0202.4 Discuss how the following are used during the recovery of a man overboard:

a. Life ring/buoy - When a man is sighted in the water, a ring should be thrown as close to him as possible to provide flotation and make him easier to sight.

b. Smoke float - Thrown in the water in the vicinity of the man overboard to assist in spotting. After pulling the tab, this device has a chemical that activates when exposed to saltwater.

c. Strobe light - Attached to life buoys, it will automatically activate once in the water and provide assistance in spotting.

d. Searchlights - Activated during nighttime operations to aid the recovery team.

e. Rescue swimmer - Deployed from a rescue helicopter to assist in the recovery of the victim.

f. Lookouts - Under direct supervision of the OOD, they man stations on the fantail and sponsons to look specifically for the man overboard.

g. DRT/NC-2 - A DRT (dead reckoning tracer) plotter is indispensable when a man overboard situation occurs. When a man overboard is reported, a plotter must quickly mark the spot indicating the ship's present position, and change the DRT scale to 200 yds. to the inch. The ship's position must be determined where the person actually went over the side. A plotter then determines the bearing and range to the person every 15 to 30 seconds. The NC-2 plotting table utilizes five optical projectors for displaying own ship's and target symbols on the plotting surface. Own ship's position is located at the center of the polar diagram. During normal operations in the geographic plot mode, own ship's position (and, therefore, the polar diagram) move geographically across the plotting surface according to the DRT information supplied by the DRAI (dead reckoning analyzer-indicator).

0202.5 Describe the following man overboard recovery procedures:

a. Helicopter - To search wide area, or to provide immediate recovery ability. Useful in weather too heavy for motor whaleboats.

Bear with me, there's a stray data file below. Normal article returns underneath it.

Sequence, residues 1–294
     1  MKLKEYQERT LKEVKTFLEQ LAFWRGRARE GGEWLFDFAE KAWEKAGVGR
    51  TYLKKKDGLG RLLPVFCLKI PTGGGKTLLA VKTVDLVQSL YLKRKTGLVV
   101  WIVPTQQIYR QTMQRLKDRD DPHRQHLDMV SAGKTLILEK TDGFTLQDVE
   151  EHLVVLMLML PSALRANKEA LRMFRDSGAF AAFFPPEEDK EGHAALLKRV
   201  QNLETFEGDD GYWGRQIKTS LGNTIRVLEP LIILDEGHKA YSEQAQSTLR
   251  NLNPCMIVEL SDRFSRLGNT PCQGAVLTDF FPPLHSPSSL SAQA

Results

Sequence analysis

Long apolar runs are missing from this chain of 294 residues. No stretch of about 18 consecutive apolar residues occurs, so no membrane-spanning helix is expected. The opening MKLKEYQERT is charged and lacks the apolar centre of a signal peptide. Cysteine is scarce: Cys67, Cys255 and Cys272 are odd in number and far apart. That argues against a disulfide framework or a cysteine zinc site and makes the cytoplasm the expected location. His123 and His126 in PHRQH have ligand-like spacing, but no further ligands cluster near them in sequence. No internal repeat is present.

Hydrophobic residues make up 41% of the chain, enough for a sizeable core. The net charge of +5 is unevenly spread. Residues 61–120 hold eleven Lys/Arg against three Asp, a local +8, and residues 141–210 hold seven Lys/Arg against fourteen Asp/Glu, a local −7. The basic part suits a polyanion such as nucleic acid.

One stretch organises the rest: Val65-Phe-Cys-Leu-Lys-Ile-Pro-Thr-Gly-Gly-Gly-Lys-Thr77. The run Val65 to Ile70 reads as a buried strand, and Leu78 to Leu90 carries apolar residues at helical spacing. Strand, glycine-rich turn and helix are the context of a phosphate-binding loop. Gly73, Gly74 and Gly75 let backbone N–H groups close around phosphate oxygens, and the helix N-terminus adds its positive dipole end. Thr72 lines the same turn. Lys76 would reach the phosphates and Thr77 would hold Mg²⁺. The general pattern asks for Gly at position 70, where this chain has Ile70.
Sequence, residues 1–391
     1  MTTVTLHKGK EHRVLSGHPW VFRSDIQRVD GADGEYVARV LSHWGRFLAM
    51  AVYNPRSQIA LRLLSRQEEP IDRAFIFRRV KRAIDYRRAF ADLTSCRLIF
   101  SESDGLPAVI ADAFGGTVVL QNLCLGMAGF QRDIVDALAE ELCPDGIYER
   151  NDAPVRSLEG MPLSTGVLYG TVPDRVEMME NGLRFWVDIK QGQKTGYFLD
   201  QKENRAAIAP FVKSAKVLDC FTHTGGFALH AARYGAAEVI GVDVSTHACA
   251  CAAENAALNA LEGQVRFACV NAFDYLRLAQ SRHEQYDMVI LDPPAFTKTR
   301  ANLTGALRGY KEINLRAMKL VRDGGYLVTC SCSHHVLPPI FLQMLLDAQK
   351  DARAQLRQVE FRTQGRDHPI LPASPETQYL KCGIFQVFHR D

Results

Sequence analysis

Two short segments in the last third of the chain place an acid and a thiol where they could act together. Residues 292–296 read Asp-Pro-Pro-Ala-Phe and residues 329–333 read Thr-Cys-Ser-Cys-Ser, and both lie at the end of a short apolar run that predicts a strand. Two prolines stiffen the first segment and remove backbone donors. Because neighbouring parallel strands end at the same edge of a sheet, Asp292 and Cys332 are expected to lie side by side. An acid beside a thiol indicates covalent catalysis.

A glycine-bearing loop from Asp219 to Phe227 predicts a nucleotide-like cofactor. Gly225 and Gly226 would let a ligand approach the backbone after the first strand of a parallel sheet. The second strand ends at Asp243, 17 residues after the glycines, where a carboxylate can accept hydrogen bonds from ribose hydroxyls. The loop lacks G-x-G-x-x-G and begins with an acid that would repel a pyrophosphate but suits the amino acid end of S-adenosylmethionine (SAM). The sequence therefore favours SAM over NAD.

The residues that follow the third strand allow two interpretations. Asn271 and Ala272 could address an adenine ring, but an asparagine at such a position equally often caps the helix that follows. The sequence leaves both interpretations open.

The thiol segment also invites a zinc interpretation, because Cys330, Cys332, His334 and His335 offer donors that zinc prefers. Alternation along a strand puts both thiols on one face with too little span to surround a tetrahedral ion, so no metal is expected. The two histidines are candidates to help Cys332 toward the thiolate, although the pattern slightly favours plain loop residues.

b. Boat - When the ship has slowed sufficiently for launch, the motor whaleboat will trek toward the target guided by signals, searchlight or radio. Most common method of recovery.

c. Shipboard - Under conditions of low visibility, weather is too heavy for boat recovery or it is believed that a person fell overboard some time previously but was not seen or heard, it is desireable for the ship to turn so as to pass back down her track. This is achieved by the Williamson turn. The turn is started using full rudder (30 degrees). When the ships heading is about 60 degrees beyond the original course, the rudder is shifted and the ship is brought around to the reciprocal of her original course.

When the ship is turned about lines, swimmers and/or cargo nets are lowered when alongside the target.


0203.1 Define the following:

a. Replenishment course - A predetermined course that will permit ships to maintain course with a minimum of stress on rigs, etc. The course is determined by the Delivery ship with considerations given to the mission of the battle group and the condition of the seas.

b. Replenishment speed - Speed maintained during the actual UNREP operation. Generally between 12 and 16 knots. Determined by wind and sea conditions and set by the Delivery ship.

c. Control ship - Local guide for the underway replenishment and is responsible for maintaining a steady speed and course.

d. Approach ship - Makes approach alongside the control ship and keeps station on the control ship.

e. Delivery ship - Normally the control ship, provides lines, rigs, etc.

f. Transfer station - A predesignated area aboard each ship where the rig is located and hooked up. Kitty Hawk's are located on the starboard side, with two fuel stations on the port side.

g. Underway replenishment group (URG) - Comprised of ships to be unrepped and delivery ships with OTC (Officer in Tactical Command) in charge.

h. Receiving ship - Ordinarily the approach ship, receives lines, rigs, etc. from the delivery ship.

i. Waiting station - An area approximately 2,000 yards aft of the delivery ship.

j. Lifeguard station - 1,000 yards astern of the delivery ship and mans man overboard stations.

k. Standby station - On your side of approach 300 to 500 yards astern.

0203.2 Discuss the following equipment:

a. Inhaul/Outhaul line - A line used to recover any piece of gear such as a trolley block. The vessel providing the gear retains the inhaul and sends the outhaul to the other ship. It consists of two wire whips connected at a trolley block.

b. Messenger - 800 feet of continuous graduated manila or nylon line used to bring the rig aboard.

c. Winch - The primary source of power for cargo handling and replenishment at sea rigs. Does all the inhaul/outhaul work.

d. Bolo - A nylon shot line with a padded lead weight. It is used in place of a line throwing gun.

e. Line throwing gun - Generally an M-14. Fires a projectile from the delivery ship to the receiving ship carrying a light nylon line. The exception to this is aboard aircraft carriers, who deliver the projectile to the delivery ship so as not to strike any aircraft.